Maria took a step toward me, but Jesu stopped her, placing both hands on her shoulders. He whispered to her in Finnish. She hesitated, then nodded and went about her way, disappearing in the direction of the dining room.
I looked Jesu in the eyes. “No more touring, I’ve seen enough. I want to go to my room.”
He nodded once. Gently, he took my small hand between his larger blue ones and pulled the fleck out with one careful pinch. He dropped the metal shard on the counter and cupped my hand in his, allowing his thumbs to glide across my palm. The blue and white color scheme of our skin mixing together was surreal.
“Thanks,” I mumbled and slipped my hand out of his.
“This way,” he whispered.
We walked in silence as he led me down a passageway made of stone. It wound and turned, veering left, right, and left again. As we progressed, the castle aged before my eyes. The walls went from pale gray to navy blue-black, and the width shrank until Jesu and I were forced to walk in single file.
I removed the sunglasses he gave me so I could see. The walls gleamed and smelled of mildew. Water dripped from the ceiling, causing a deafening echo as it hit the ground. The air thickened and stood still. No light made its way in, and we stood surrounded by actual darkness, not just the kind my brain told me was supposed to be present.
I stopped in my tracks, wondering if we’d gone into a basement or cave. Maybe Jesu changed his mind and was now leading me out of the castle via the secret underground passageway.
“Everything all right?” he whispered.
“I can’t see,” I whispered back so my voice wouldn’t echo.
“Then do not use your eyes.”
Is this another trick?
Jesu continued walking. Hesitantly, I followed him, but it wasn’t easy. His scent blended with the mold in the air, and the sound of his footsteps bounced off the walls, coming from all directions at once. When he turned, I felt around with numb hands for the space where the walls gave way to a new direction. My face hit rock.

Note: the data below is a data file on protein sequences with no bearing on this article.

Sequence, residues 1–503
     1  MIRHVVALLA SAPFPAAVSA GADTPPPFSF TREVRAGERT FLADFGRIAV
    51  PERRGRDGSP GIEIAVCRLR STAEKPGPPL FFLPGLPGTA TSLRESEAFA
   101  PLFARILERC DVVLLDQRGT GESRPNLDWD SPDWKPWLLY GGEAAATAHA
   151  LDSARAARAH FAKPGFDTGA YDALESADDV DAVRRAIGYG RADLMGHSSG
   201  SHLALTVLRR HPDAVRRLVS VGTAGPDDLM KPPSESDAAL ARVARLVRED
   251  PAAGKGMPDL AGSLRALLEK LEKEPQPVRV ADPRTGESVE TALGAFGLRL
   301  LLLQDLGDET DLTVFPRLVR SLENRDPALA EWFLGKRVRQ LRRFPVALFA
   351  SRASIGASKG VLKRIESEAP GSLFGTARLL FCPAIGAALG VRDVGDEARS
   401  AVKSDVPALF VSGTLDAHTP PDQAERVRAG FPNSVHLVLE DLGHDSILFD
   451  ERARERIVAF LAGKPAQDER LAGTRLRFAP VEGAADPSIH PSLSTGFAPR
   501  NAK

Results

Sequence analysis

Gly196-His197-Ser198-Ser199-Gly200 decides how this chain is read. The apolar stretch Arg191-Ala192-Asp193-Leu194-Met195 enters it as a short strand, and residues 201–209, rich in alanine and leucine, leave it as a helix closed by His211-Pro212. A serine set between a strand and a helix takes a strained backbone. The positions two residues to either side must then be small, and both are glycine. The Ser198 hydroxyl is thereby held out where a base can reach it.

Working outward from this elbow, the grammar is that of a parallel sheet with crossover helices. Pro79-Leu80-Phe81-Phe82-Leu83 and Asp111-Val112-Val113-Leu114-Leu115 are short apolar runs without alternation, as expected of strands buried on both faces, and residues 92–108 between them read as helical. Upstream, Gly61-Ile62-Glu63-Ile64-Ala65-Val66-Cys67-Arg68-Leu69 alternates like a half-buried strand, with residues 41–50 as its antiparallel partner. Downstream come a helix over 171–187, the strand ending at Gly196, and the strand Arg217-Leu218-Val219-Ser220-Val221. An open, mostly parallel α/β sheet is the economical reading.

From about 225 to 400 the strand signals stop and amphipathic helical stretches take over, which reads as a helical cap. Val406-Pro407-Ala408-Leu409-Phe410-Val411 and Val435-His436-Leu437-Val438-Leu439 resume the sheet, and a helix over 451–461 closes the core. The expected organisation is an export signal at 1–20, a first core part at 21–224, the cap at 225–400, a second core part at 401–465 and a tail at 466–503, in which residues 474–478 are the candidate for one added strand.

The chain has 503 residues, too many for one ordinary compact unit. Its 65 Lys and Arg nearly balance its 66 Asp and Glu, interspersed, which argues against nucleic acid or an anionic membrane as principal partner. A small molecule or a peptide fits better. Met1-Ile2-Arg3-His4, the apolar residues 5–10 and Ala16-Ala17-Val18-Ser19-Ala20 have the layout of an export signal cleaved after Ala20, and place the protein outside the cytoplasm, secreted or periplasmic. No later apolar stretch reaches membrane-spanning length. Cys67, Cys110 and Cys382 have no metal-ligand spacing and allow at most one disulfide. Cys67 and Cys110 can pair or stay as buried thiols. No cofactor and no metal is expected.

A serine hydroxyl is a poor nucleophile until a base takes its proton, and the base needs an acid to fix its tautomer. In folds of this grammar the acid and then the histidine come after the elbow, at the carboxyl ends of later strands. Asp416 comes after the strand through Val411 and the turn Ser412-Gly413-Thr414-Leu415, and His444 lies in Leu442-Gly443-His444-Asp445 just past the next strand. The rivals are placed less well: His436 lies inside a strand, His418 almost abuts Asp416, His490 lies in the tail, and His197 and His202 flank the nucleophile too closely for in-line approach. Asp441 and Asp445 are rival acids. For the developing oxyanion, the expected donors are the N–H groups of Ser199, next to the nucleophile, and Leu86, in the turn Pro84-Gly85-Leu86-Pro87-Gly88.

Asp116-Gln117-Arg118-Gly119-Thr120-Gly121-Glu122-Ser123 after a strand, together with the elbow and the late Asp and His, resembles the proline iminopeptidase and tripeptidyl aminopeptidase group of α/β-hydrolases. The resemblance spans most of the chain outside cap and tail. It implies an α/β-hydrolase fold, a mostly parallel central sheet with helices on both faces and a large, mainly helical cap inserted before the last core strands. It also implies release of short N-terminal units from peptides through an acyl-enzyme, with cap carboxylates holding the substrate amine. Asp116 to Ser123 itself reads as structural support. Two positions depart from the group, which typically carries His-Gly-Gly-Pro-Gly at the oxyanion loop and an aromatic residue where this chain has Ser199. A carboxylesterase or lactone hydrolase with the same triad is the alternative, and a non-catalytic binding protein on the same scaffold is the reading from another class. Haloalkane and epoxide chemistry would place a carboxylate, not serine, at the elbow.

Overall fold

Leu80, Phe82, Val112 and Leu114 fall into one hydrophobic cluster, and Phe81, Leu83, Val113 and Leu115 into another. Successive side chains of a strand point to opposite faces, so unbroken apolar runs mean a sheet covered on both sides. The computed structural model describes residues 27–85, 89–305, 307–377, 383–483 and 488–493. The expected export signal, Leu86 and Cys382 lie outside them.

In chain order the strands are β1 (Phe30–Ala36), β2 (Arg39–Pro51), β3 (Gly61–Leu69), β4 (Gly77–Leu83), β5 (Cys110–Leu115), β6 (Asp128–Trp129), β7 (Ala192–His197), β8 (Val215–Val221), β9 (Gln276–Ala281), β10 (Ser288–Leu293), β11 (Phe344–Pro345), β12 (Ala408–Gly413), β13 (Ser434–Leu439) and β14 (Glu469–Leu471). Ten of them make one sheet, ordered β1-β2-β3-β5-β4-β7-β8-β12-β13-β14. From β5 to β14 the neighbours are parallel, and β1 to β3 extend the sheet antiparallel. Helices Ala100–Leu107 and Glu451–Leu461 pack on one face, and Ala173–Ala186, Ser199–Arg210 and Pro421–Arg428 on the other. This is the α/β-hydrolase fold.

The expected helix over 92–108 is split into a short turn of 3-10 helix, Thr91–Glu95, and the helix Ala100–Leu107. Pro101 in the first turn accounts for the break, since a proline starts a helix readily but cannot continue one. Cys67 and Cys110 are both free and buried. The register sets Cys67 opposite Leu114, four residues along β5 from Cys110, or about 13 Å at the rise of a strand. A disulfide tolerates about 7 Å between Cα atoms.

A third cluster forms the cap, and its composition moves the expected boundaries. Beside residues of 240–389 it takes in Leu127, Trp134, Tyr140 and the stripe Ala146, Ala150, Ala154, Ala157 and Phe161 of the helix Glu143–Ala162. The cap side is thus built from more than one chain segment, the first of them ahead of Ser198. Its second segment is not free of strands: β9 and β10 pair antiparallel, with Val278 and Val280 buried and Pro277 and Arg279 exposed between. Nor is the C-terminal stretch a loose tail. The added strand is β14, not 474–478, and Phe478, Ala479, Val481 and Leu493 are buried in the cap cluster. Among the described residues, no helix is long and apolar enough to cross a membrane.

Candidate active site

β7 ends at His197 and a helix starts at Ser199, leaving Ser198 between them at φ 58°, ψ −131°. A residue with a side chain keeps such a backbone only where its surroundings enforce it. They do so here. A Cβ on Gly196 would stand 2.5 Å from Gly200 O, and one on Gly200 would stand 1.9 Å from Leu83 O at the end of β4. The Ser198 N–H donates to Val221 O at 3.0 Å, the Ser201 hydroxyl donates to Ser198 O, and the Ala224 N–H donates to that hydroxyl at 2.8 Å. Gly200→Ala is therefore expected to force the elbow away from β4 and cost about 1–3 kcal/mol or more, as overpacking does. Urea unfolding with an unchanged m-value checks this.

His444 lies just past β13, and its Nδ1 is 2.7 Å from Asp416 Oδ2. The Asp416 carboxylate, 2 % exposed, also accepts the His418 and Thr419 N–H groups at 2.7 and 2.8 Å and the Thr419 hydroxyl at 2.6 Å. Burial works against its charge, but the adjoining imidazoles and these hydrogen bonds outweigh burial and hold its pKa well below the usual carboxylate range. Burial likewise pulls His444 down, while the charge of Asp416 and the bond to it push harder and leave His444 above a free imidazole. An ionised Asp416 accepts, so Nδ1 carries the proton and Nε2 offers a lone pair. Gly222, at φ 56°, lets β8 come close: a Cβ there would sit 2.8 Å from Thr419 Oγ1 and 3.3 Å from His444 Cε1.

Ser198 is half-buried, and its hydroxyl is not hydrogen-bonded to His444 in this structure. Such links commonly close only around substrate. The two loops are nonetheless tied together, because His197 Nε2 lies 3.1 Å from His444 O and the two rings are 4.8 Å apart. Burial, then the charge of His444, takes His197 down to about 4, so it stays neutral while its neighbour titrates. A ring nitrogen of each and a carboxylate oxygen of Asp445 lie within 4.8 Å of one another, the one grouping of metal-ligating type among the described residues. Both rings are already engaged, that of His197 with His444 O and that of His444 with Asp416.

“It would be nice if you held my hand or something.” I mumbled.
“I did not think you liked being touched,” he snickered.
“I like running into wet walls even less.”
His hand found mine and I was glad I couldn’t feel more than light pressure as his thick, masculine fingers caressed mine.
“I will go easy on you for now, but you will have to learn to take care of yourself.”
“What’s that supposed to mean?”
“Jalmari is not the worst person out there. You should learn to defend yourself properly. Our kind can be rather hostile.”
“You don’t say.” My voice dripped with sarcasm. Why Jesu cared about my defensive abilities was a mystery.
He grumbled to himself in Finnish.
“Are you cussing at me in a language I don’t understand?”
He chuckled. “No, I was complaining.”
“You. You are so…”
“So what?” I demanded as he trailed off.
He chuckled. “Yes. I like it though. It’s cute.”
A yellow haze appeared at the end of the tunnel and brightened the thin corridor. Fresh air leaked in with the light. Jesu let go of my hand. The hall gave way to what I assumed was the fourth wing of the castle.
In ruins compared to the rest of the castle, the fourth wing was about the size of a small house made of black stone. To my left, four narrow gothic arched windows lined the top of a two-story wall. Stained glass kept most of sunlight out and I could almost see comfortably.
To my right was a small living room and a kitchen. Faded furniture sat in a square around a stone-aged television set. The kitchen contained bare essentials; a mini-fridge, a bar, and two frayed barstools. Between the kitchen and the living room,
“Here we are. Upstairs is the recreation room, and your room is over here.” He motioned for me to follow as he turned the corner to the left of the kitchen. Down the hallway stood three doors, one on each side, and one at the end.
“That is my room.” Jesu pointed to the end door. “And this one is yours.” He opened the door to the right and cleared his throat. “I mean it when I say ‘your’ room. You can do anything you like to it. Punch holes in the wall, if you wish. The rooms are soundproof, but the rest of the wing is not. However, we are pretty far out. It is usually difficult to hear the others from here and vice versa.”